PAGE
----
Franklin County Schools Superintendent Mark Church says the decision to close schools is very deliberative. He has crews out on the roads as early as 4 in the morning to determine if it's safe for students to get to school.
He says criticism from parents is common, but support is too. No one should have to worry that the slick roads may hurt them on their way to school.
That being said, the timing of the snow days the past few weeks have been a huge pain.
"I actually joked yesterday that I don't write my lessons plans even in pencil anymore, they're in dry erase board," said Amy Shaver, a Chemistry teacher at Franklin County High School.
She says the fact that every Friday thus far in the second semester has become fodder among her colleagues.
Shaver says she'd rather miss a full week due to snow instead of one day every week because it's harder for her and students to get into a flow. The fact that they happened to miss Fridays makes it even tougher.
"The last time you talked about something was on Thursday. They've had Friday, Saturday, Sunday. Come Monday, they really don't remember it, they haven't practiced it, so you end up having to go back and review and reteach which puts you even further behind and it's a snowball effect," Shaver said.
"I have had more questions in the past two weeks about 'are we on pace?' than I have since a couple of years ago when we lost 12 days to snow," Shaver added.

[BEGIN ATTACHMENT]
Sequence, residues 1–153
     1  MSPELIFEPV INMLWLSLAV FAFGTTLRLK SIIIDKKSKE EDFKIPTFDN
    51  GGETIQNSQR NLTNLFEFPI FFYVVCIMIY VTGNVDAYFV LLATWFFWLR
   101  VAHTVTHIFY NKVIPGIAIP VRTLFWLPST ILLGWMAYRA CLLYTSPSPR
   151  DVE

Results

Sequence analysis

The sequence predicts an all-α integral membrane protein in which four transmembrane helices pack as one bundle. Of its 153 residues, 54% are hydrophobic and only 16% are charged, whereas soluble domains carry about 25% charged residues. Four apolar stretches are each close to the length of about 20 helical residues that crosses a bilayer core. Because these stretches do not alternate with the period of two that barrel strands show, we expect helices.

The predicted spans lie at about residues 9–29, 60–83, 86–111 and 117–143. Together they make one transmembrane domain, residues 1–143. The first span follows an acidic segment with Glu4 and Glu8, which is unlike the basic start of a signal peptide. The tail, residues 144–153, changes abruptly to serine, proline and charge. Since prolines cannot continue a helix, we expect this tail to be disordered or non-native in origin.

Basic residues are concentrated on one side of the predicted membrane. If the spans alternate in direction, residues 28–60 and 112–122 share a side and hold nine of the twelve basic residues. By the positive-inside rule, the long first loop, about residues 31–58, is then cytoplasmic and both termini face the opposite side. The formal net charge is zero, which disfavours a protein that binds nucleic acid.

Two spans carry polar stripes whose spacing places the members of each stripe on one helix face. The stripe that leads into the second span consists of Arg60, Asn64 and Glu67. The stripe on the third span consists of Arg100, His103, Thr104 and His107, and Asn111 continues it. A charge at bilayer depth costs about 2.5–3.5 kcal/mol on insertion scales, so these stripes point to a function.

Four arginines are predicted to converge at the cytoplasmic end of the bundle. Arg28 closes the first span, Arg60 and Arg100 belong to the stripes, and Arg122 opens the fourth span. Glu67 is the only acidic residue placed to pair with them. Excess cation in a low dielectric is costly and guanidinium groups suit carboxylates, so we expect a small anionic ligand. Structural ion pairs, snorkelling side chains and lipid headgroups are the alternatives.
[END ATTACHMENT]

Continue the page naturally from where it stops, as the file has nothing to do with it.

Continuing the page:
Shaver says she's a week behind because of the amount of review she's had to do, but the dates of those Advance Placement Exams don't change. In reaction, Shaver's had to give homework packets to be completed on the snow days.
"It's been a struggle to get them done on the snow day because you feel like you want to relax but you gotta get them done because you have the AP test in May," said senior Josh Harkema.
All this is further complicated by block scheduling. Shaver says with block scheduling, missing one day is like missing two since Franklin County has a four by four system. That means students take four classes one semester and four in the other. Some block scheduling includes "A days" and "B days" where certain days are designated for certain classes but students take them the full year. So hypothetically, those school systems with the A-B system haven't been hit as hard as schools with the four by four system.